by southasiawatch, Wed Sep 09, 2009 at 07:01:24 AM EDT
It's been a tumultuous first year in office for President Zardri, though not one without progress. Following decades of economic misrule and appeasement of religious extremism, Zardari faced a significant uphill battle when he took office. At the time, many were ready to write off Pakistan as a "failed state," and conversations often turned to questions of whether Pakistan would be the first Islamist nuclear power.
While the road has been rocky, Zardari has managed to keep the ship upright, and in recent months has made progress towards greater democratization and cooperation with the world community. This has not come without significant political costs as Zardari faces a political opposition and media fueled by rumor and innuendo, as well as a ruthless political climate.
by southasiawatch, Thu Sep 03, 2009 at 12:04:27 PM EDT
The killings in Gojra, Pakistan a month ago shocked the world; and the deaths of the Christians burned alive by Islamic militants highlighted the depths that the Taliban will stoop to in their quest to seize control of a country and force citizens to their backward views.
To its credit, the Pakistani government took swift action to defend Pakistan's Christian communities and to bring the attackers to justice. In the past, it would not be uncommon to see an immediate reaction by Pakistani leaders to appease the world community, while coddling the very extremists responsible behind the scenes. But the Zardari government has shown, yet again, that a new regime is in place in Pakistan, and real democratization is on the march.
by southasiawatch, Wed Aug 26, 2009 at 07:58:11 AM EDT
Good news coming out of Pakistan, with advances being made on the military resistance to Taliban control and simultaneous democratization efforts in Islamabad.
After years of looking the other way, the Pakistani government has been taking it to the Taliban in a significant way. Today, Taliban leaders have finally confirmed that the terrorist leader of Pakistani Taliban Baitullah Mehsud is dead as the result of joint US-Pakistan operations. This is a huge victory and deals a great blow to the militant organization, throwing the succession fight into deadly chaos.
by Charles Lemos, Sat Aug 08, 2009 at 08:35:35 PM EDT
From Dawn of Pakistan:
"According to sources, commanders Hakeemullah Mehsud and Waliur Rehman, the two leading contenders for the chief slot, exchanged hot words at the shura meeting in Sara Rogha over the choosing of a successor to Baitullah.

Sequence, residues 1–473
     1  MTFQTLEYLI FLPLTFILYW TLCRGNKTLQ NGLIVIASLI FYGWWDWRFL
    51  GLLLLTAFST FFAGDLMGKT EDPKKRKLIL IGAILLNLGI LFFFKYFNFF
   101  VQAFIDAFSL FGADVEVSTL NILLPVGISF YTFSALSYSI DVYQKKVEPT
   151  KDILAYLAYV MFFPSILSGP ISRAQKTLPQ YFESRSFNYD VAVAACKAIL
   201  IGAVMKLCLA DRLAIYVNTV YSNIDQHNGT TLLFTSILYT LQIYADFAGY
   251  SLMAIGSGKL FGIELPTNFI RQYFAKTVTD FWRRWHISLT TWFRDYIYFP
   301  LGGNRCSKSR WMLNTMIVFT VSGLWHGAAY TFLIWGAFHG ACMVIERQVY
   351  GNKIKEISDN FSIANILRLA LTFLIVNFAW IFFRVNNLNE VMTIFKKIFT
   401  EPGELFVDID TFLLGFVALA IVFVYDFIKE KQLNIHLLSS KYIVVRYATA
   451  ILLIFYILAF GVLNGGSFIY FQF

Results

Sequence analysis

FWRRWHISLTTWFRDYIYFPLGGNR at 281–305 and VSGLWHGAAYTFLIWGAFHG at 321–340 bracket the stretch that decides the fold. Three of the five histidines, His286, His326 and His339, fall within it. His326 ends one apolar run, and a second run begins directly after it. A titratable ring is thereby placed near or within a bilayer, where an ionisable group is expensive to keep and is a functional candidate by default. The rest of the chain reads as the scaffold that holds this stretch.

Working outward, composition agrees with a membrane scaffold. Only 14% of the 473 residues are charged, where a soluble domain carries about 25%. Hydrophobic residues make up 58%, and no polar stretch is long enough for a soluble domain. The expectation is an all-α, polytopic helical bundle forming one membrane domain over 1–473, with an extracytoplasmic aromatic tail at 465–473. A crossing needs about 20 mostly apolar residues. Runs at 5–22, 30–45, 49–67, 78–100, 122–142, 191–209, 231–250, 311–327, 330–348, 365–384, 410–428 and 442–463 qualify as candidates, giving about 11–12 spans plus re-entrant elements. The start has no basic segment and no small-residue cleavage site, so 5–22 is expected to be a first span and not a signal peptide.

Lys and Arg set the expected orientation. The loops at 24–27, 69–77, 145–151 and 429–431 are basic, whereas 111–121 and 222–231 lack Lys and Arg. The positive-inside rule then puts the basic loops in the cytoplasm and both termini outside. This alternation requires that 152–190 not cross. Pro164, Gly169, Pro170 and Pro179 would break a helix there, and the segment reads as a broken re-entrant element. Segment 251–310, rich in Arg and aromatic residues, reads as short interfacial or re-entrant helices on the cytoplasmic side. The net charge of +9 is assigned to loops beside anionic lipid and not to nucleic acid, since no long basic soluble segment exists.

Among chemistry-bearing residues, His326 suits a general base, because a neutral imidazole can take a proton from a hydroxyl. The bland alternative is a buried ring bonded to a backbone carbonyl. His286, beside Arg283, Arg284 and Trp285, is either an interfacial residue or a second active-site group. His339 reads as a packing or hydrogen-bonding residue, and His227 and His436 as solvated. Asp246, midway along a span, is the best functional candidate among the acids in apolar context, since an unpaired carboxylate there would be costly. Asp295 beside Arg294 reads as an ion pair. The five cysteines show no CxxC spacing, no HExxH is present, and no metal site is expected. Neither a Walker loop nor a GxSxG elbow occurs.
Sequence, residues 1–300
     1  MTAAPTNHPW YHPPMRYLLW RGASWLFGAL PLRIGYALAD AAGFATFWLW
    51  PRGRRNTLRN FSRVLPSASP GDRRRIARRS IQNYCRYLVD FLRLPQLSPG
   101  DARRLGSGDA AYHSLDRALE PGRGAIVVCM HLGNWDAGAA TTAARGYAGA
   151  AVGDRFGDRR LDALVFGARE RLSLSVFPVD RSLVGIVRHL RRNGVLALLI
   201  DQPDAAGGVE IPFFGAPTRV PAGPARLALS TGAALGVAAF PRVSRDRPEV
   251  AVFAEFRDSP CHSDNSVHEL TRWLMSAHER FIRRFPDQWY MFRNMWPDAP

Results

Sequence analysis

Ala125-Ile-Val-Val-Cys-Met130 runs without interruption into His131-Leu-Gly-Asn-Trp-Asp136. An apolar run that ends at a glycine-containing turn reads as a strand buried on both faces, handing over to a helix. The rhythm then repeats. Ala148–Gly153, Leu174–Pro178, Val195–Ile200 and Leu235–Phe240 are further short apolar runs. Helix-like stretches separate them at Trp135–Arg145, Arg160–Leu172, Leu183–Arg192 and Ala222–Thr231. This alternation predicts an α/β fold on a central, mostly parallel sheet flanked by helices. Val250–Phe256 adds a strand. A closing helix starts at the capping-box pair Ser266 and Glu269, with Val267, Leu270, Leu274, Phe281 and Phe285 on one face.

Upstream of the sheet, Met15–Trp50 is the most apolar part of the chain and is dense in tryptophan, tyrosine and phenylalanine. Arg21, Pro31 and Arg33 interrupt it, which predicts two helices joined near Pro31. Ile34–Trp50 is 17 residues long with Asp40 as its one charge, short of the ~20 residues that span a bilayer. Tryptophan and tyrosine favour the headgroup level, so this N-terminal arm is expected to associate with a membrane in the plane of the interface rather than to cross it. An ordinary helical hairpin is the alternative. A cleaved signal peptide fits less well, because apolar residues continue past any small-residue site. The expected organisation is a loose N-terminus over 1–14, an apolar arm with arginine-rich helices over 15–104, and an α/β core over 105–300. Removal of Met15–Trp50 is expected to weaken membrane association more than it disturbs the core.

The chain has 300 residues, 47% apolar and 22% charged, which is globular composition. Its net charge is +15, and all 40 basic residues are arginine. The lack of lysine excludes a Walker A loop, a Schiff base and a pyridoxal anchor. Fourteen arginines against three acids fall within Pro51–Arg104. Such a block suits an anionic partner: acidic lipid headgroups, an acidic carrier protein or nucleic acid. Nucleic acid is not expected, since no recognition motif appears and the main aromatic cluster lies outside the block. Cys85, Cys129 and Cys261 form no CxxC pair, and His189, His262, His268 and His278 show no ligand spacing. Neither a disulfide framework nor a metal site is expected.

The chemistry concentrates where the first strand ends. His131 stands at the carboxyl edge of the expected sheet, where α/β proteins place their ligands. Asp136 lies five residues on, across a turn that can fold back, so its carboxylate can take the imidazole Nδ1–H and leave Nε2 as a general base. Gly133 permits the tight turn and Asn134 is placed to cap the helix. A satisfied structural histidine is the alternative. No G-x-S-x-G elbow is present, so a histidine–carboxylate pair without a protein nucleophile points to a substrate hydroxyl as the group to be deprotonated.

A shootout followed, leading to the death of Hakeemullah while causing life-threatening injuries to Waliur Rehman."
However, a government official in Peshawar said that both Hakeemullah and Waliur Rehman had been killed in the clash.
The names of Hakeemullah, Waliur Rehman and 50-year-old Azmatullah Mehsud were shortlisted at a meeting of senior Taliban leaders from the Mehsud tribe, but a decision was put off following differences over who would succeed the slain leader.
There was no independent confirmation of the reported shooting. A Taliban commander denied that any clash had taken place.`There is a serious power struggle going on,' the government official said.
Hakeemullah had replaced Waliur Rehman as commander in Kurram. He belonged to a rival group led by Qari Hussain, widely known as the Ustad-i-Fidayeen (teacher of suicide bombers).
`I think the Haqqanis will now intervene to resolve the leadership dispute,' the official said, referring to Sirajuddin Haqqani, son of veteran Taliban leader Jalaluddin Haqqani and Mullah Omar's point man for North and South Waziristan.
If these reports are true, then the Pakistani Taliban seem to be entering a period of fractious infighting. It's clear that the predator drone attacks are having an effect in disrupting the operations of the various Islamist groups operating in Pakistan and are causing dissension in their ranks.
The question still remains can we justify the number of civilian casualties that the reliance on predator drone engenders? While sourcing on civilian deaths is weak and unreliable with the numbers perhaps prone to exaggeration, independent reports suggest that more than 600 civilians are likely to have died from the attacks. That number suggests that for every militant killed, approximately 10 non-combatant civilians have also died. But Abdul Malik Mujahid writing in Truth Out back in May suggests that the civilian to militant kill ratio is on the order of 15 to 1.
by southasiawatch, Wed Aug 05, 2009 at 07:42:45 AM EDT
The attacks on Christians in the Gojra region of Pakistan over the weekend shocked the world. Especially troubling was the reaction - lack thereof - on the part of Nawaz Sharif and the PML-N. Today, though, new allegations have arisen that Sharif wasn't just silent, he may have been complicit.